03-09-2007, 08:48 AM
he was so close to immortality but for...

1. not born in the era of the dead ball.

2. somebody coined "Mendoza Line" right before he proposed "Vukovich Line"

3. car broke down while leading final laps of four Indy 500's

4. Charlie Finley's idea of "designated fielder" was never realized

5. infamous farm director of the Phils: "sure, he's got a pitcher's arm, but I really think that we can teach him to hit"

6. #15

03-09-2007, 09:51 AM
RIP John Vukovich. In a way, he was the reason the Big Red Machine gelled. If he had came in and hit just a little bit Rose would have never moved to third and Foster may never had his chance in LF with the Reds. BTW, I had never heard that rumor of Perez for Brett. That is an interesting trade to speculate about.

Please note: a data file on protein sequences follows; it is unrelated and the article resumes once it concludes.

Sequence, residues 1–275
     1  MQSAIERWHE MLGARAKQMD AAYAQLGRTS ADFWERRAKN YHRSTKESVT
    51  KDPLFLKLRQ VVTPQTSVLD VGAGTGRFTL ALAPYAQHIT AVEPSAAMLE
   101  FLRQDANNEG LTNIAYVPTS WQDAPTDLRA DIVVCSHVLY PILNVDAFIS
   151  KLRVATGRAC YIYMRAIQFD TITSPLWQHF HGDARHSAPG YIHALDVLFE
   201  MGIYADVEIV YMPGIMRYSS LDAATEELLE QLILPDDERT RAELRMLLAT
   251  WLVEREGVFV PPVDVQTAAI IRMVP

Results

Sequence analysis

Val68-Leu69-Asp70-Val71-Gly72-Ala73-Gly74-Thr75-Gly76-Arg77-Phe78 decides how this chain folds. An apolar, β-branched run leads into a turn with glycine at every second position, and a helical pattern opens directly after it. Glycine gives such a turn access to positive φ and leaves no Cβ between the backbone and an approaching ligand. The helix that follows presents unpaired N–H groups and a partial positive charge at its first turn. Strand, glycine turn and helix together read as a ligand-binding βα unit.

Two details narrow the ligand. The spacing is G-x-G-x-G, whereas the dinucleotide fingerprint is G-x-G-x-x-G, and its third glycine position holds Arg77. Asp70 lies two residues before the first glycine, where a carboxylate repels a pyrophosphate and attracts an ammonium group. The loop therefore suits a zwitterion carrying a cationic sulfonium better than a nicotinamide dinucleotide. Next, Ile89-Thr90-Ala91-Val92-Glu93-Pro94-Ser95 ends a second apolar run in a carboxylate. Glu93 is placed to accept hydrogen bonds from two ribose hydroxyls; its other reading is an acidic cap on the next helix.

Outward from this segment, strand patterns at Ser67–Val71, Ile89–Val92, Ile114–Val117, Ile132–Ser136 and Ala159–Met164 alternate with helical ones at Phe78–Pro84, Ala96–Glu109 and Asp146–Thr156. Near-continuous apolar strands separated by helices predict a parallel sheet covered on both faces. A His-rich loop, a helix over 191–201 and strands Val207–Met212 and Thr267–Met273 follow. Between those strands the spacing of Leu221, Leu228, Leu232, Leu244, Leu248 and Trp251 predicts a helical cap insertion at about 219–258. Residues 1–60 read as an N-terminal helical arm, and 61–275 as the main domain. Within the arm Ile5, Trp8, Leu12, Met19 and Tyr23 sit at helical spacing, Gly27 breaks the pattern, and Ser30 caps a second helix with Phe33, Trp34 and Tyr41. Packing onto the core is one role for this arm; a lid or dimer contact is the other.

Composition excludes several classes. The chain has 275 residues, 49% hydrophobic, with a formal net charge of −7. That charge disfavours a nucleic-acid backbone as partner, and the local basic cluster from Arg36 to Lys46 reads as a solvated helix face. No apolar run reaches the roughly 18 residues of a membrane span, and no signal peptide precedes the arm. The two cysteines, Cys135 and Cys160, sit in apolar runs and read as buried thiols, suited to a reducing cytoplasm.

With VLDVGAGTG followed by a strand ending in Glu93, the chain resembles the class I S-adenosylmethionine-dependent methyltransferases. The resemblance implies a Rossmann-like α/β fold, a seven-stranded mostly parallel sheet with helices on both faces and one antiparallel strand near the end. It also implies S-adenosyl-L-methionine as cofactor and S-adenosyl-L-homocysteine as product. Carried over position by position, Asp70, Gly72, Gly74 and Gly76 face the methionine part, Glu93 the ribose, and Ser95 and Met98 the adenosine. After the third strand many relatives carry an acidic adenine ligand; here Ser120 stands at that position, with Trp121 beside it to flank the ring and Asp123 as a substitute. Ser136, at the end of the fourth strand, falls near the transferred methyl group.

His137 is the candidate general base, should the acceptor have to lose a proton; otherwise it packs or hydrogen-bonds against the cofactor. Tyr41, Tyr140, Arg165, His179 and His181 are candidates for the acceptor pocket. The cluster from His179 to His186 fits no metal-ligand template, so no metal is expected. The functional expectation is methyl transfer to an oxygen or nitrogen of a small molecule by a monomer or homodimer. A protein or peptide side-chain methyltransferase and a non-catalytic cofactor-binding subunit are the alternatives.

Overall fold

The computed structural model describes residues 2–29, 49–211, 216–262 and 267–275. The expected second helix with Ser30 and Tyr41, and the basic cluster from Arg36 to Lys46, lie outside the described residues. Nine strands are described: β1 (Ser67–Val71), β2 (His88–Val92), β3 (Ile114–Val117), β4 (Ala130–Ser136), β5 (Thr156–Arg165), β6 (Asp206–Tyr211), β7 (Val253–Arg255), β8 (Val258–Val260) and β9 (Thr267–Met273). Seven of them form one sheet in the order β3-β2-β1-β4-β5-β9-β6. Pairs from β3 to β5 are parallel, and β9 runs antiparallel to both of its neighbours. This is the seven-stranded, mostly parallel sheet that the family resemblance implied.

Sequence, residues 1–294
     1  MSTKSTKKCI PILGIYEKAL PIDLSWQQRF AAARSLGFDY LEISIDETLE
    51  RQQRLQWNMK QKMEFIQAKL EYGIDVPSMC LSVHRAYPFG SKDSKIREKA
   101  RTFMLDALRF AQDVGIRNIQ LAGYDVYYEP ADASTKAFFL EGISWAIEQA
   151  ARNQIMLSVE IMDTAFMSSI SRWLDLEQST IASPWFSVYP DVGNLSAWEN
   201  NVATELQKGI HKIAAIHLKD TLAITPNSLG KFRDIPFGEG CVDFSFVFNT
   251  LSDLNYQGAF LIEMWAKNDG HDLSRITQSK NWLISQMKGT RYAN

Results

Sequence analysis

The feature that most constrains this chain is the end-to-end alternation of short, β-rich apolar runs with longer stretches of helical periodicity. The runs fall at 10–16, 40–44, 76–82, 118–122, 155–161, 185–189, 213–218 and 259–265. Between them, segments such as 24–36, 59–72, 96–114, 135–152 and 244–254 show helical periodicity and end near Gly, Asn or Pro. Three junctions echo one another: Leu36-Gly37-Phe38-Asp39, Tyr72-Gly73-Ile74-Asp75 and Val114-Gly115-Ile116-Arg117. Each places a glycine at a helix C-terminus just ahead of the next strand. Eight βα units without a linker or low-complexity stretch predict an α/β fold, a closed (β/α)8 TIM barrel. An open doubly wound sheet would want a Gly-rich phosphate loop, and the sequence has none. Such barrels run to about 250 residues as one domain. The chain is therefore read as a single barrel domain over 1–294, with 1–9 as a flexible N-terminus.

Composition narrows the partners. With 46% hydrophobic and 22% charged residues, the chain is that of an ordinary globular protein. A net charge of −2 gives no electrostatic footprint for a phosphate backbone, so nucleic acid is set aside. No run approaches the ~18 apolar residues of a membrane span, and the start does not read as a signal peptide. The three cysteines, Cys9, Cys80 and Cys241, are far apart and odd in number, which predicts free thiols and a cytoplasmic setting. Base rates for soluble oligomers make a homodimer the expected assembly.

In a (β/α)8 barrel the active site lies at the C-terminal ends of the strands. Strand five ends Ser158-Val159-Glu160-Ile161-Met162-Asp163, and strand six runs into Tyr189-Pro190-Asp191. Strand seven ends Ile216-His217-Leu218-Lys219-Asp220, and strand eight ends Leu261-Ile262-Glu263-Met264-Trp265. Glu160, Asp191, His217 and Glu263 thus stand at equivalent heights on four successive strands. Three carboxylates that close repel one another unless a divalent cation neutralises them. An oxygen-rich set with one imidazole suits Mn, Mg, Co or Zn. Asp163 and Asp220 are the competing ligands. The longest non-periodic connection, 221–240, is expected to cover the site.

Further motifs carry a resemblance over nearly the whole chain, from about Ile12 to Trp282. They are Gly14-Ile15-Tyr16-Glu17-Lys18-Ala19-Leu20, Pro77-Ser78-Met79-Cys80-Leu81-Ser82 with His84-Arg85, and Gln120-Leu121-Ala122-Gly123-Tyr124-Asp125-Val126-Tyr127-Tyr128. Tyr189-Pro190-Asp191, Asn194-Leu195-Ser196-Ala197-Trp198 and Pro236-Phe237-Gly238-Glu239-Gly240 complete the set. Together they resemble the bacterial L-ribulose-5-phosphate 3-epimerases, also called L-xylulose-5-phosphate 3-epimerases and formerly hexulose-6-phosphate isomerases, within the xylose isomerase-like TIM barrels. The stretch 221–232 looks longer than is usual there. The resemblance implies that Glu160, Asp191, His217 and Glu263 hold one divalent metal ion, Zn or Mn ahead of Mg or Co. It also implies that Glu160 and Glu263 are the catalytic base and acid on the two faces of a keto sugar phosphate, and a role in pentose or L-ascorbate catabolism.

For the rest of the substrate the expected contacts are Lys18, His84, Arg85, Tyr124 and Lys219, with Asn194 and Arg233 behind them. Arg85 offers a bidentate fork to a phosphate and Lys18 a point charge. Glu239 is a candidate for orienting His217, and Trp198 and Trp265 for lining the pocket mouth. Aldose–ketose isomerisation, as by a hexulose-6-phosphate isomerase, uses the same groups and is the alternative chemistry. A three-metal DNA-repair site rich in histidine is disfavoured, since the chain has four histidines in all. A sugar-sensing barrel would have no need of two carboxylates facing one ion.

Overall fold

03-10-2007, 07:59 PM
The Perez-Brett trade speculation is mentioned in a book from the mid-70s called "The Big Red Machine," by Bob Hertzel, I believe.
Had such a one-on-one trade gone down, Reds fans likely would have been outraged. Perez was coming off a 28-homer, 101 RBI season in '74; Brett had posted decent but not incredible numbers (.282, two homers, 47 RBI, 8 SB) as a rookie for the Royals.
At first glance, it appears it would have given the Reds lineup of the mid-70s an overload of lefty hitters: Morgan, Griffey, Brett, Geronimo and Driessen (replacing Perez at first base) to go with a switch-hitter (Rose) and two right-handed bats in Bench and Concepcion.
It's also possible Foster wouldn't have been given the opportunity to win a starting job under that scenario.

03-10-2007, 10:51 PM
May he R.I.P.

How about this though:

"A half-million dollars worth of talent," said Rose, "and they don't get me in.":D :laugh:

03-10-2007, 10:59 PM